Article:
8. Being a guy and having curly hair, I can only relate to what my mom experienced. She grew up in the era of Shirley Temple curls and suffered, so she said, from application of the dreaded curling tongs! She endured this cosmology of an earlier generation because her mother had worked as a beautician in the 1920s. They resembled a pair of needle nose pliers and when heated up they truly looked like an instrument of torture. Thankfully Shirley changed her hair style in the 1940s, but my mom still followed the curls of fashion over the years. Just recently I found in her boxes of stuff a bunch of those long springy hair clamps used with curlers. I always thought it strange that those with curly hair had to somehow re-curve their curls.

  9. This post delighted me. What strange things one does in the name of beauty. Your comment about having naturally elevated hair made me laugh. The magazine cover with the velvet ribbons on the cans is hilarious. I’ve had a bad sunburn or two in my life, and ouch. Sealing oneself in oil sounds painful too, as does potential frost-bite suntanning. 🙂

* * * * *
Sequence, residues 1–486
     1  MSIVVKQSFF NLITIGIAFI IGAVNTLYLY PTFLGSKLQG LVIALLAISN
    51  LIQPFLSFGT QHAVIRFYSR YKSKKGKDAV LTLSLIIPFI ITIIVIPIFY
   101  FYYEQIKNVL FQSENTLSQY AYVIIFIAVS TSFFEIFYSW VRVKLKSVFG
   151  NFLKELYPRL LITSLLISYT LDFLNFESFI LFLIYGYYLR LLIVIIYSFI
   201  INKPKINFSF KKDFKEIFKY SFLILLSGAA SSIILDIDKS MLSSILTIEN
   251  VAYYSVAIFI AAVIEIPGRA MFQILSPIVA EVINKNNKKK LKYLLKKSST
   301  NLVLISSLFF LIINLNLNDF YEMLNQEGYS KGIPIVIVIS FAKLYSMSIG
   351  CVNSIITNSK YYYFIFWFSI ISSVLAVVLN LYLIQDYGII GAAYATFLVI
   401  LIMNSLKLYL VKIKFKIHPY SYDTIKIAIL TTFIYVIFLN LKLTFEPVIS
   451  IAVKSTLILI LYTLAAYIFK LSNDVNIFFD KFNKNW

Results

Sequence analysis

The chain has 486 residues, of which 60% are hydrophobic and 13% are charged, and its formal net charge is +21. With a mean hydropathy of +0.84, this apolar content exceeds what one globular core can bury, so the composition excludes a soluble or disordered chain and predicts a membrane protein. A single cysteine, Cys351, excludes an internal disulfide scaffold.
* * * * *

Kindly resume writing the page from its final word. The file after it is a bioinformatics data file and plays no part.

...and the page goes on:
1. Thanks, Deborah. Taming my lofty, curly hair was the bane of my existence in my teens — but I got my revenge later when curly styles were in vogue!

  10. I didn’t use orange juice cans because my hair was normally straight so I wanted curly and used smaller ones. I used to love laying out in the front or back yard and getting a tan through the summer. I did use Bain de Soliel #4 though.

  11. Thanks, everyone, for your comments and stories. Glad to know I was not the only one to suffer for beauty — whether in orange juice can curlers, regular ones or in the hot sun trying to tan.

  12. I was terrible at keeping rollers in my hair Probably why I kept my hair long all my life. I remember my girlfriend streaking my hair… pulling strips of hair with a crochet hook through tiny holes in a cap. I think she pulled through so many that I ended up more blonde. 😂

  13. What we’ll do for beauty!

    I never knew about these orange juice can curlers. There’s a woman who makes YouTube videos of nostalgic hair styles. I’ll see if she ever uses this technique.

  14. I remember my girlfriends and I using baby oil to help speed the “tanning” process along. I do not burn easily so fortunately escaped any horrible sunburns but it makes me shudder even to think about it now. Not our best idea.